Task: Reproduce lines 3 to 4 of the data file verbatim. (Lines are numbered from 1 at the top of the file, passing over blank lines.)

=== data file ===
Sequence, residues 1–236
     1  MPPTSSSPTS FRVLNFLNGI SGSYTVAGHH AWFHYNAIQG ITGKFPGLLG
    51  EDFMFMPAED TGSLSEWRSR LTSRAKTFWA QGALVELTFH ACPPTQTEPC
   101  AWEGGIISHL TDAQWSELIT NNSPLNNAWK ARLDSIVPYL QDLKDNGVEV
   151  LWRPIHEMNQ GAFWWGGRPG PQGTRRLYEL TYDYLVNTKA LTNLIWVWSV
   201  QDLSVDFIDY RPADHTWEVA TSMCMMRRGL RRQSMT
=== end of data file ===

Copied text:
    51  EDFMFMPAED TGSLSEWRSR LTSRAKTFWA QGALVELTFH ACPPTQTEPC
   101  AWEGGIISHL TDAQWSELIT NNSPLNNAWK ARLDSIVPYL QDLKDNGVEV